Closer Look: Malfunctioning Elevators Add to the Securities Regulator's List of Headaches
(Beijing) – Most employees at the China Securities Regulatory Commission (CSRC)'s Beijing office, from the humblest tea vendor to the highest-ranking investment banker, have a common fear: riding the elevator. The eight elevators of the Focus Place office building, in the capital's affluent financial district, have long fallen into disrepair, because funds for maintenance are insufficient.
Employees tell horror stories of the elevators' frequent breakdowns. An investment banker reported that the elevators often get stuck halfway to their intended destination and then slowly descend to the basement, causing no shortage of hand-wringing and headaches for their helpless passengers.
The persistence of Focus Place's elevator woes for nearly three years, is particularly odd, given the central role of the securities regulator in China's quickly developing financial sector. Elevator malfunctions, which are a safety concern and a major annoyance, tend to be repaired quickly in Chinese workplaces and residences. But the CSRC, which oversees China's futures and securities markets, has been left with its hands tied. Over the last three years, a patchwork of repairs has repeatedly failed to fix the problem. The reason is simple: the funds for a proper overhaul don't exist.
CSRC's Beijing offices, located on Jinrong Street in Beijing's Xicheng district, have eight ThyssenKrupp elevators imported from Germany. ThyssenKrupp is one of the world's largest and most famous elevator manufacturers, along with Otis World Wide from the United States and Switzerland's Schindler. Its high-end elevators are known for their top-notch hardware and software.
The company has strict maintenance standards for its machines. All major components of ThyssenKrupp elevators must be inspected twice a month to ensure the timely replacement of any worn-out parts. Additional inspections are carried out several times a year to ensure that every part adheres to industry standards.
How, then, did problem's with CSRC's elevators turn into a chronic headache? In an effort to save money during repairs, only malfunctioning hardware was replaced with genuine ThyssenKrupp parts, a source close to the regulator revealed. Outdated software was replaced with bug-riddled Chinese counterfeits.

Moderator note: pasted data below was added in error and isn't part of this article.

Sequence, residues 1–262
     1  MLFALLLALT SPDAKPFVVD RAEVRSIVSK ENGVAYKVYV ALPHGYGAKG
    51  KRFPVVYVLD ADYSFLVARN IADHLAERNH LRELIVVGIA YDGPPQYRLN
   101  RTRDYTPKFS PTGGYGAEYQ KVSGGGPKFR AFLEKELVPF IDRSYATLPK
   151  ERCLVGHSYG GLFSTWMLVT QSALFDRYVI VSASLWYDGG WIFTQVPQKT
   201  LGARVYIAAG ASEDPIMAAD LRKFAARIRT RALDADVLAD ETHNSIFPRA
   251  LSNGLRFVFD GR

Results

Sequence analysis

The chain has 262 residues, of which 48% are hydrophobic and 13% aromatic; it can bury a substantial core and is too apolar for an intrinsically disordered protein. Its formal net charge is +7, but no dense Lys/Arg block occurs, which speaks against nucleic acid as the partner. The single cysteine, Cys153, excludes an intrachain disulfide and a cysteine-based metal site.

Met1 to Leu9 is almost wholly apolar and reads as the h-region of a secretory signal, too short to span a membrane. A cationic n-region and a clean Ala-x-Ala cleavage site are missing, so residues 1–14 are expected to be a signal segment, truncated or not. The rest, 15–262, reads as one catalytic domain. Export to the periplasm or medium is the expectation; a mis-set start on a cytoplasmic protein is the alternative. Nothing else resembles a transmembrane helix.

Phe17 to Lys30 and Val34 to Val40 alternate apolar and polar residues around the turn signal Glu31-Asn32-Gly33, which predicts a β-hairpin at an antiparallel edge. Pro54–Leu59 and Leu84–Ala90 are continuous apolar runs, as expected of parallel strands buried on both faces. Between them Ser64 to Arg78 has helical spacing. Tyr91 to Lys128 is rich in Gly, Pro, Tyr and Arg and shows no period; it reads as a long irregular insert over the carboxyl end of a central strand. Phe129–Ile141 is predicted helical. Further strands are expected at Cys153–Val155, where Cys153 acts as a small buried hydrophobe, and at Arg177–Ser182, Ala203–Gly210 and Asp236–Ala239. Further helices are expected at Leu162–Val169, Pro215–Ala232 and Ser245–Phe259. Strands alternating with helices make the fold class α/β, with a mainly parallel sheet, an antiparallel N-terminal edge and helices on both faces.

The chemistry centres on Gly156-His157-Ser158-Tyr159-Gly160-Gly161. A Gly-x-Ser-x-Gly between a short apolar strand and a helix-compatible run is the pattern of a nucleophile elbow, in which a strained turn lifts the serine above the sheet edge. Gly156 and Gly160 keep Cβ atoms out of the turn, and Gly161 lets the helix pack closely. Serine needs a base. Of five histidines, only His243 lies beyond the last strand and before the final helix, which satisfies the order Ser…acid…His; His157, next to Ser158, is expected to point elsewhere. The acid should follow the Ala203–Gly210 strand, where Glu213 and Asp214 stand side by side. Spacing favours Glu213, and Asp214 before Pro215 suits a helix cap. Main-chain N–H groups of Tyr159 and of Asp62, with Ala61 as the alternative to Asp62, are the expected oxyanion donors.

"It's like buying a high-end computer but using a pirated operating system," said a company insider. The long saga of broken-down elevators at the CSRC has, from the beginning, stemmed from software issues. And the repair bill for replacing all of the faulty parts in the eight ThyssenKrupp elevators will run into millions of yuan, the source said.
But the problem won't be an easy one to fix because the CSRC has faced budget cuts in recent years. Data from the regulator shows that its estimated budget for 2016 was 1.05 billion yuan, about 5.5 percent less compared to the actual expenses for 2015.
Money earmarked for administrative operations including repairs sustained the deepest cuts. The budget for housekeeping tasks fell 16.5 percent in 2015 compared to the previous year, CSRC's budget documents show. The amount reserved for repairs dwindled in the past two years, according to these figures.
The CSRC has had to tighten its belt after the National Audit Office uncovered several irregularities in its books. For example, in December 2011, the Beijing securities regulatory department decided to shift its offices without prior approval from the Ministry of Finance. The move, which became effective in March 2012, cost 55 million yuan.
In its 2015 audit of the CSRC's budget, authorities dug out problems dating back to more than 10 years ago, rapping the securities regulator for what they called "irresponsible spending" which includes using state funds to pay for private travel expenses of executives, distributing gift certificates to employees, giving out unauthorized staff bonuses and making business-related reservations in unapproved hotels.
Lack of rigorous spending controls in the past have now strained the commission's coffers. In 2015, 8.73 million yuan was allocated for maintenance throughout the CSRC's Beijing headquarters and its 38 regional branches, a figure that was inadequate to cover the costs of repairing the eight elevators at Focus Place.
(Rewritten by Francesca Lupia)
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